4        Cooper filed a motion to join all six of the charges for trial and the court granted his motion.  At trial, counts one and two mirrored the original repeated acts charges filed against Cooper.  Counts three, five and six each charged Cooper with one instance of first-degree sexual assault of a child.  Count four alleged that Cooper intimidated his victim by threatening him with a gun.

5        Following a jury trial, Cooper was found guilty on counts two through six.  He was found not guilty on count one, the first charge of repeated sexual assault.  Cooper brought a motion for postconviction relief, arguing, among other things, that his convictions on the three counts of first-degree sexual assault of a child were illegal in light of his conviction for repeated acts of sexual assault of a child because all four charges involved the same child and the same time period.  The circuit court held that the joint trial of the two cases violated Wis. Stat. § 948.025(3) and concluded that reversal of count two would remedy the violation.

6        Cooper also argued that his convictions on counts two through six should be reversed and a new trial should be ordered because he was denied his right to effective assistance of counsel at trial.  The circuit court disagreed.


Remedy for Violation of Wis. Stat. § 948.025(3)

7        Cooper contends that Wis. Stat. § 948.025(3) requires reversal of the convictions for the three specific charges of first-degree sexual assault rather than reversal of the more general charge of repeated acts.  During the postconviction motion hearing, the circuit court agreed with Cooper that the consolidated charges violated § 948.025(3), which states in relevant part:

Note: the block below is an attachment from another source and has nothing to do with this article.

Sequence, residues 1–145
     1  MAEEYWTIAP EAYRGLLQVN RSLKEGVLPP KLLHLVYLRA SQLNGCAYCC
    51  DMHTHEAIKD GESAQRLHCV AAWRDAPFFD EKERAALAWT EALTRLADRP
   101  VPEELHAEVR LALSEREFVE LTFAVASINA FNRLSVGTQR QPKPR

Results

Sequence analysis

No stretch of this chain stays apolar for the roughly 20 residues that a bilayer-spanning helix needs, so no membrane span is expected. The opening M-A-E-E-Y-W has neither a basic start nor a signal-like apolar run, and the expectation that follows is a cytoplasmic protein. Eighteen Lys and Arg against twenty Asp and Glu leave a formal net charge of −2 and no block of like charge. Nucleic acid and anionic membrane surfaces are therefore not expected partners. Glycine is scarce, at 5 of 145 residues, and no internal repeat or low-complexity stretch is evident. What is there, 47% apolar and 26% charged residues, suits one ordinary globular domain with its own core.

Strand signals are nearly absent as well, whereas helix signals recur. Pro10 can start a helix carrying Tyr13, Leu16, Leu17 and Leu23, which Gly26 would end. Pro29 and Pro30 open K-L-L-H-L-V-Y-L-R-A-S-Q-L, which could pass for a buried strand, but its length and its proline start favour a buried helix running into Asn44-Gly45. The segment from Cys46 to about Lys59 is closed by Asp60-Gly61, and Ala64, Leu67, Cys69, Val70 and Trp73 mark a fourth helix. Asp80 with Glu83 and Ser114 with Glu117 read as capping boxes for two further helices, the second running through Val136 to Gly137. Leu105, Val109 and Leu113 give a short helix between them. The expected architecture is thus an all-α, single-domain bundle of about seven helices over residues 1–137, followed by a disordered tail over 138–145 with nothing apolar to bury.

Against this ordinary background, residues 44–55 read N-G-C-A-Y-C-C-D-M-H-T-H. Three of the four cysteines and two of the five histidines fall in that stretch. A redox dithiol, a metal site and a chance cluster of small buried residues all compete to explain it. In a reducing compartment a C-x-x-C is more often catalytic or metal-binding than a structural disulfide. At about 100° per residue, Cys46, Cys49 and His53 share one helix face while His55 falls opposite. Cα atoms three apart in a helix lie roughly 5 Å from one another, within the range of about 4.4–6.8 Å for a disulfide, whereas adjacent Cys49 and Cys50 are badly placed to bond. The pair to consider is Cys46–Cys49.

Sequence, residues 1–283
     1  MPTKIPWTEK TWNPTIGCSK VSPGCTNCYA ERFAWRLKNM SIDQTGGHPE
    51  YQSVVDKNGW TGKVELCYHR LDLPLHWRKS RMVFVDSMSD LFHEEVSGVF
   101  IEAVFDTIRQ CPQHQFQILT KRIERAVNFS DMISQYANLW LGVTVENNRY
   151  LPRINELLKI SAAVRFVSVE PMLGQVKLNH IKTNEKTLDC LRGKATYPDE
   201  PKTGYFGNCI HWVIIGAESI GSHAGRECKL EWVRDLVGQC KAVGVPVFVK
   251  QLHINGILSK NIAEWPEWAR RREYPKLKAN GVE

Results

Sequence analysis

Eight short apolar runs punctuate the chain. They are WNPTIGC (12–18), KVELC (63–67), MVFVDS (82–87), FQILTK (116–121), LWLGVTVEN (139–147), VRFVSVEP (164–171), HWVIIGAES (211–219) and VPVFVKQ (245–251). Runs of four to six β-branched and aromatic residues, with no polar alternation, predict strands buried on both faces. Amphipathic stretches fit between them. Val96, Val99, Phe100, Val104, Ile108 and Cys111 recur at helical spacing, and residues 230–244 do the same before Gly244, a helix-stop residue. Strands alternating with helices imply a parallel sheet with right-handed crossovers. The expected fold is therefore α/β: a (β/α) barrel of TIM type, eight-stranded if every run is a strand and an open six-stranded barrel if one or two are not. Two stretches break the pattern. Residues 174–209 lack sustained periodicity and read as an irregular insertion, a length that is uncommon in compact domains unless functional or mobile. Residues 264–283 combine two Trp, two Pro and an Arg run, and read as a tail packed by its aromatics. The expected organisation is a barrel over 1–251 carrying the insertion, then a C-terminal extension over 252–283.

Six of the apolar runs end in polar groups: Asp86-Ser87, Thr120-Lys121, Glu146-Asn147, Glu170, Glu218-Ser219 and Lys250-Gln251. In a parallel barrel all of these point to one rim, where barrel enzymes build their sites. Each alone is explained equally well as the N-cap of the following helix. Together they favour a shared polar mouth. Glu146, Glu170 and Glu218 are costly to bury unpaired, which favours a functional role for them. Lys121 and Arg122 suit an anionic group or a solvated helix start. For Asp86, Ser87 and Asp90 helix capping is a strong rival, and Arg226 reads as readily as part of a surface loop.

The state may not charge in the same action a defendant with a violation of this section and with a felony violation involving the same child ... under s. 948.02 … unless the other violation occurred outside of the time period applicable under sub. (1).  (Emphasis added.)

 8       However, Cooper argues, the circuit court applied the wrong remedy when it reversed the conviction on count two.  Cooper posits that the correct remedy under the statute is to reverse counts three, five and six.  He argues that once the first action was commenced, the State was “stuck with” the charge of repeated acts under Wis. Stat. § 948.025(1) and that subsequent charges for specific acts of sexual assault were a “blatant violation of the clear statutory mandate” of  § 948.025(3).  We cannot agree.

9        Whether the circuit court properly interpreted Wis. Stat. § 948.025(3), dismissing count two rather than counts three, five and six at the postconviction hearing, is a question of law which we review de novo.  See State v. Piddington, 2001 WI 24, ¶13, 241 Wis. 2d 754, 623 N.W.2d 528, cert. denied, 534 U.S. 826 (2001).